"Si vis pacem, para bellum"
"If you wish for peace, prepare for war."
Royal Navy Motto
The history of the United Kingdom is the history of the Royal Navy. As an island nation, the sea has always been a vital factor: the means of people arriving from overseas, a barrier to invaders, a highway for trade and the basis for a once-global empire.
One of the greatest navies in world history, the Royal Navy has been a symbol of the might of Great Britain for over two hundred years. The Royal Navy itself has a history and naval tradition that stretches back over six centuries, making it one of the oldest institutions currently in existence. It has been the inspiration for countless novels and the image of the Royal Navy is virtually synonymous with the 18th century "Age of Sail".
Without question, one of the most captivating historic trays we've ever found, this magnificent Antique Silverplate Commemorative Serving Tray from the silver markets of England, is a significant piece carrying with it the noble history of the mighty Royal Navy.
No stranger to presentation, this majestic, generously-sized tray has practical side handles and is exquisitely detailed with a decoratively pierced, undulating border. Produced by the bespoke artisans and silversmiths of the esteemed Goldsmiths & Silversmiths Company of London, the tray is engraved with an historic dedication that reads:
Lieutenant C.H. Philips, Royal Navy
Captain And Officers
First Cruiser Squadron
31st March, 1909.
Stately in nature and a lasting memento with historic provenance, allow this storied antique tray to be at your service for your every notable affair.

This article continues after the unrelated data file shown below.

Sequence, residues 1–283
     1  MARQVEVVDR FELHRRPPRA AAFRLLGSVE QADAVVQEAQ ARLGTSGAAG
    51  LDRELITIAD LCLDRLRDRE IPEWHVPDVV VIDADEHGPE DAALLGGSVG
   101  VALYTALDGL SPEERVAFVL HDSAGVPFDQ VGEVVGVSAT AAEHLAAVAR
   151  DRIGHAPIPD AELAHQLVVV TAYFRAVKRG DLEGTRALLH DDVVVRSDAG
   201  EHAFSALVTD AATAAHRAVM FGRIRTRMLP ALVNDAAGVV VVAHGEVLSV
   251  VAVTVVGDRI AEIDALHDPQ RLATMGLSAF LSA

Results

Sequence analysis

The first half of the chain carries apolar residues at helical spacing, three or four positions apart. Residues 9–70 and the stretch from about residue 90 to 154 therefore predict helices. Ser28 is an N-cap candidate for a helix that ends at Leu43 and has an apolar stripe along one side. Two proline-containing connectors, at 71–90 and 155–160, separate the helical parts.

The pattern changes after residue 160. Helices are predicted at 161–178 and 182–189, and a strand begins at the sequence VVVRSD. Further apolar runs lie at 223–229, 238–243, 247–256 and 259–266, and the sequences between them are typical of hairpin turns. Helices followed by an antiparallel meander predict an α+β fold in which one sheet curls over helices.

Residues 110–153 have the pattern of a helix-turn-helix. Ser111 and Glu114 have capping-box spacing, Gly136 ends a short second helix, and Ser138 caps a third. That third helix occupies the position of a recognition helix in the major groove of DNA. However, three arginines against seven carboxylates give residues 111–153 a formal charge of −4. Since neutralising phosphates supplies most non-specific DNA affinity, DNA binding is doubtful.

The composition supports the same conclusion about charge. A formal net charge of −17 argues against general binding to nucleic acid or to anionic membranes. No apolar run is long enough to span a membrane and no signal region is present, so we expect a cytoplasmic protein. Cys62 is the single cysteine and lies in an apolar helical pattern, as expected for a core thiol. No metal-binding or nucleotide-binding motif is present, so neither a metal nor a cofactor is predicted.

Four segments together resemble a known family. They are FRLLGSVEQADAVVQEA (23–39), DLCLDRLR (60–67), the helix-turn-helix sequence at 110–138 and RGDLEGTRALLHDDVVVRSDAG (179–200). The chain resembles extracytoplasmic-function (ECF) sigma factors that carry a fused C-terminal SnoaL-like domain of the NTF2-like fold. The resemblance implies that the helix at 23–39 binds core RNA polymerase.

Strictly one-of-a-kind and subject to prior sale. In very good antique condition with only discreet signs of age and use as shown in the alternate images. 27.5" x 15.5".
Learn More About the H.M.S. Argyll
The HMS Argyll was one of six armored warships built for the Royal Navy in the first decade of the twentieth century. The hard-working ship was assigned to the "1st Cruiser Squadron", a formation of warships that defended the waters of the English Channel. In 1909, she was transferred to the "5th Cruiser Squadron" of the Atlantic Fleet - protecting British interests in the heavily traveled Atlantic Ocean.
The Argyll was built in Scotland by the Scotts Shipbuilding & Engineering Company. Construction began in 1902 and she was launched in 1904, being named to commemorate the Scottish county of Argyllshire. In 1915, after a decade of proud service, the HMS Argyll ran aground at night during a storm off the coast of Scotland. The crew and all the ship's valuables were rescued, but damage to the Argyll was too extensive and the ship was demolished at sea.
*History of HMS Argyll adapted from and courtesy of Scottishshipwrecks.com and Wikipedia.